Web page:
From the Mound: Q&A with Brandon Harmsen

The Yankees are slowly developing some fine young arms in the lower levels of their farm system including Tyler Clippard and Steven White along with others. However, how many times do you hear about another talented young hurler named Brandon Harmsen? Get used to hearing the name because he has had a breakout season with Battle Creek. Harmsen took our questions as we find out a little bit more about his pitching, his teammates and his plans for his career as well.

If you were to judge Brandon Harmsen on the first part of this 2004 season, many would call you crazy in saying that he was a talented young pitcher. The young righthander struggled mightily in the first part of this season but after being sent to the bullpen for a time, he has turned it into a fantastic year since returning to the starter's role. Little by little, Harmsen is drawing the attention that he deserves. Well, for that matter, how can it be ignored? He leads the team in wins as he has an 8-0 record. He also leads Battle Creek starters with a 2.14 ERA. Not so easy to ignore that is it? With those statistics, he is arguably the ace of the staff.

 

So, could there be a promotion coming for this impressive 22 year old hurler? It seems like it could be coming soon. Well, before he gets shipped off to Tampa, PinstripesPlus wanted to catch up with Harmsen. Let's see what he has to say about his game, his future and a little bit about himself as a person as well.

 

PinstripesPlus: What have you changed to turn your season, and what do you have to do differently now as a starter than as a reliever?

Brandon Harmsen: Being in the bullpen made me refocus that I need to get after it more. I had kind of been slacking a little. I was not getting ahead of hitters, and was giving up 0-2 and 1-2 hits.

PP: What do you think you do differently that sets you apart from other pitchers?

BH: I'm not really any different than any other pitcher. I just throw it up there and try to force contact from the get go. You throw less pitches that way and hopefully they're quality pitches and hopefully the defense does the job.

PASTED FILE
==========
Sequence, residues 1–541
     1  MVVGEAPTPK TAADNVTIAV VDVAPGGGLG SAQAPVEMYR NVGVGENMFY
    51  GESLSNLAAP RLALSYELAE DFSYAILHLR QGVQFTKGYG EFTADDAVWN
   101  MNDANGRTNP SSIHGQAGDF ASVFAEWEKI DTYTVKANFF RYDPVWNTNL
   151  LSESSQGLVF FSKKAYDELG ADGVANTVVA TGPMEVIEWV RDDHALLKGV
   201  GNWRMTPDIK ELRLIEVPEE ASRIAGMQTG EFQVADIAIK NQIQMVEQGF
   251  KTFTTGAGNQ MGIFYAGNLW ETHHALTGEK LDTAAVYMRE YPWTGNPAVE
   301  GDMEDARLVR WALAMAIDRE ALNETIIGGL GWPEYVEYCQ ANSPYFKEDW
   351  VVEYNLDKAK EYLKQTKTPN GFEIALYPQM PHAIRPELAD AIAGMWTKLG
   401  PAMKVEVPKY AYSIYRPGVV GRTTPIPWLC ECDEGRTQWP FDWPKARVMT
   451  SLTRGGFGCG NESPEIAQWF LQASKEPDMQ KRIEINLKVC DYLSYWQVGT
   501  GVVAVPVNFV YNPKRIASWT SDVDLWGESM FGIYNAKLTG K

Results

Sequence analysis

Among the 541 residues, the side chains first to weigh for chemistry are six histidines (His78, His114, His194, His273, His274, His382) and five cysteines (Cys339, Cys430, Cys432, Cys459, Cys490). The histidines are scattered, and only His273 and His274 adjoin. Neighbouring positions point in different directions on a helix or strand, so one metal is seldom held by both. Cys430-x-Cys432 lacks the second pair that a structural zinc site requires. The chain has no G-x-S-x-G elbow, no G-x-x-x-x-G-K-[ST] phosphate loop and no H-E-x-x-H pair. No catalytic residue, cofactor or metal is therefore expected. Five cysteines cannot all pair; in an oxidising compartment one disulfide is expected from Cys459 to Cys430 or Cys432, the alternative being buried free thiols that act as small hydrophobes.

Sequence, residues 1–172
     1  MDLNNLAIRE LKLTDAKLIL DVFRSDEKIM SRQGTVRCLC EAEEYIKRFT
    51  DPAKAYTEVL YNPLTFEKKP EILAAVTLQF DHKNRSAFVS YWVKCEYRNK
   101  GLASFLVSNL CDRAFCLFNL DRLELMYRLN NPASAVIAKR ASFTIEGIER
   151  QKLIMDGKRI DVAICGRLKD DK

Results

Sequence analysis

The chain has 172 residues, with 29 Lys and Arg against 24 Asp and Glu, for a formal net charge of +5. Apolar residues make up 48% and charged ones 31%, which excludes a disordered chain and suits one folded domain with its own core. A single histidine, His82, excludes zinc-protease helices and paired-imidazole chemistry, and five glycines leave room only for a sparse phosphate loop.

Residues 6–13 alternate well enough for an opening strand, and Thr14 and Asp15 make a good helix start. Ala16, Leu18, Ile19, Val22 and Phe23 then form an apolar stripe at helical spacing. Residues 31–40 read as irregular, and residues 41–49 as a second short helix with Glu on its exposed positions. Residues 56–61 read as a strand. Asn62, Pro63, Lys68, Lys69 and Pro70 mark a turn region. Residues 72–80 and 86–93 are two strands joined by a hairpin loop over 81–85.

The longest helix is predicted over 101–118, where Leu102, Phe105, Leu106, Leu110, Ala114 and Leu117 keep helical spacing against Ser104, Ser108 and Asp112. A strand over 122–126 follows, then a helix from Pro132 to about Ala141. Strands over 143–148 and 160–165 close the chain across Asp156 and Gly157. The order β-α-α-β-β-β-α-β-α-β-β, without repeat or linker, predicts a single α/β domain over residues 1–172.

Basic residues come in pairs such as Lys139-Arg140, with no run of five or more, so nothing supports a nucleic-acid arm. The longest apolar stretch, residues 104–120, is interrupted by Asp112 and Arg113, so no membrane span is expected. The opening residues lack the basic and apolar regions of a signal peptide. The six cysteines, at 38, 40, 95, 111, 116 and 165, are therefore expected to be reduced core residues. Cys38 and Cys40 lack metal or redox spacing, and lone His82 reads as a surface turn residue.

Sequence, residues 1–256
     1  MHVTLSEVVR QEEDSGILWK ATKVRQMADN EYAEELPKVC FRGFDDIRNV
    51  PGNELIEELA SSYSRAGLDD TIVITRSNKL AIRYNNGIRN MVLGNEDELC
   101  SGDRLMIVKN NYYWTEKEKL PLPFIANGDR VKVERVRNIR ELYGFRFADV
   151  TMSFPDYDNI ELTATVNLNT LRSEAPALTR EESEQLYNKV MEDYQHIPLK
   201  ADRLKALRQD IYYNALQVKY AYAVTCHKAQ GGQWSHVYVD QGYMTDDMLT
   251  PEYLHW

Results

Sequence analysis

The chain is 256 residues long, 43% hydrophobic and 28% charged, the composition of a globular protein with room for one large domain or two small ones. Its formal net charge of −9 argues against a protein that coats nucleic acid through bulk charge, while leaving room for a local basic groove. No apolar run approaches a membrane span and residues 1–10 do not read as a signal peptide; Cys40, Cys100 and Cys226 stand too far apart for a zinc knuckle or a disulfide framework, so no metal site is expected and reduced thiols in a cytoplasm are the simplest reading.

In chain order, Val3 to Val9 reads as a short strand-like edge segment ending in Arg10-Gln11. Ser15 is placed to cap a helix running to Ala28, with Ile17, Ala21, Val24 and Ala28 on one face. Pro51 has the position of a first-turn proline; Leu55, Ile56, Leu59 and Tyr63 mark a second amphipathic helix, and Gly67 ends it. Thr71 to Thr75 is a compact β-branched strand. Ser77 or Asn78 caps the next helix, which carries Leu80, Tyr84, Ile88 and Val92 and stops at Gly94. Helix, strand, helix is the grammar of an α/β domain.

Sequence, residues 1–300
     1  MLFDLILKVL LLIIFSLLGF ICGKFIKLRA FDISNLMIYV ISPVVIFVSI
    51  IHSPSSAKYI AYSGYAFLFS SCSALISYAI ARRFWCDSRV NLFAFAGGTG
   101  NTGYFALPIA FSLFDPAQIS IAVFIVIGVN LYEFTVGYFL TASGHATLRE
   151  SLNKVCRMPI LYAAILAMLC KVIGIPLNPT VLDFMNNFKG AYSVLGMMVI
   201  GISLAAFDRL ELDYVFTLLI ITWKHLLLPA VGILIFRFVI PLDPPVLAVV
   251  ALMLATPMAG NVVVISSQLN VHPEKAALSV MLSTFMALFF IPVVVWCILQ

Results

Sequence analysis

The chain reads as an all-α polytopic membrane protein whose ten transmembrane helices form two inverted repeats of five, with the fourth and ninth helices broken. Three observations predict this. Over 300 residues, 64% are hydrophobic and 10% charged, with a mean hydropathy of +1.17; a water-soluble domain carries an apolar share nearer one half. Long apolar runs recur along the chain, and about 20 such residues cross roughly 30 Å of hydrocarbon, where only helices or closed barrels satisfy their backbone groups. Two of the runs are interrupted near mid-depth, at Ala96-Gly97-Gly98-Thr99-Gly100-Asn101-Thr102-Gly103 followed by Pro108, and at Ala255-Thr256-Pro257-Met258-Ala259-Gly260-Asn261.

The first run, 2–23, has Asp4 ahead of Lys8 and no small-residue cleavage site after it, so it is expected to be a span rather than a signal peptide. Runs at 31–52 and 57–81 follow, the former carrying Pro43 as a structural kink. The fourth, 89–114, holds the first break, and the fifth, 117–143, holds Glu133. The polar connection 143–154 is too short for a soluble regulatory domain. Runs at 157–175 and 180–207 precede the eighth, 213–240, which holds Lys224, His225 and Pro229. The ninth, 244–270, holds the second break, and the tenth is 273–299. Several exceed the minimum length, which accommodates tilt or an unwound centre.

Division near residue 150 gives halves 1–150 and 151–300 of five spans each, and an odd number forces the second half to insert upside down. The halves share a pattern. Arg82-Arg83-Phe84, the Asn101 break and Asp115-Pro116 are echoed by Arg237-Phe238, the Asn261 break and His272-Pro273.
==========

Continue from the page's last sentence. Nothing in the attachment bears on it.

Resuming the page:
PP: What pitches do you have in your repertoire and which do you go to at points in the count?

BH: I throw a lot of fastballs, probably a lot more than most pitchers. I throw a changeup and I like to throw a slider down and away from a righty. I throw two different fastballs, a two- and four-seamer.

PP: What one performance do you remember that has gotten you on the right track this season?

BH: Back in Kane County I went five innings after our starter threw only two innings. That kind of changed my season around. I was pretty focused that day and everything has lived up to that since then.

PP: The Cougars were hitting everything that series (note: KC won the first three games of that series by scores of 20-0, 10-0, and 7-1...Harmsen threw in the fourth game that BC won 1-0), you were the only guy to shut them down. What do you attribute to that?

BH: I was throwing strikes, getting ahead, and making pitches. That's the difference right there.

PP: What are your long term goals in your baseball career?

BH: Obviously to make it to the major leagues. I'm young yet, but I'd like to get there as soon as possible. The worst thing would be never to get there, to have to live with that the rest of my life.

PP: Do you have a personal goal of by what year you'd like to make it?

BH: I'm 22. I'd like to be up there by the time I'm 25 or 26. Anytime before or after that would be great. I just want to get there, really.